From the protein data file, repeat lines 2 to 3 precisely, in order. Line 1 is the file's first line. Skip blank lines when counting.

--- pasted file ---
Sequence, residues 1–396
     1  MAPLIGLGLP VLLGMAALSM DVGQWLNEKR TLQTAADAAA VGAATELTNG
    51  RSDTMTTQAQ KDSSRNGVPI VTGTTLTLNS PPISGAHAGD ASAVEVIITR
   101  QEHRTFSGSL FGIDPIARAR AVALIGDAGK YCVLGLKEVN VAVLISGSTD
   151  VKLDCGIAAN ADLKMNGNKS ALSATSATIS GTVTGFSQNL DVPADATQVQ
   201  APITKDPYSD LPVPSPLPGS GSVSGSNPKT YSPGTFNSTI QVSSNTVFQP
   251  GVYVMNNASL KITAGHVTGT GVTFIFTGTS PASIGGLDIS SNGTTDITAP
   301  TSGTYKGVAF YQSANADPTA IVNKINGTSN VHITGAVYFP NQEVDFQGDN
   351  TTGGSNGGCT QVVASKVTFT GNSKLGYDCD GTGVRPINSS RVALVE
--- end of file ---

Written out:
     1  MAPLIGLGLP VLLGMAALSM DVGQWLNEKR TLQTAADAAA VGAATELTNG
    51  RSDTMTTQAQ KDSSRNGVPI VTGTTLTLNS PPISGAHAGD ASAVEVIITR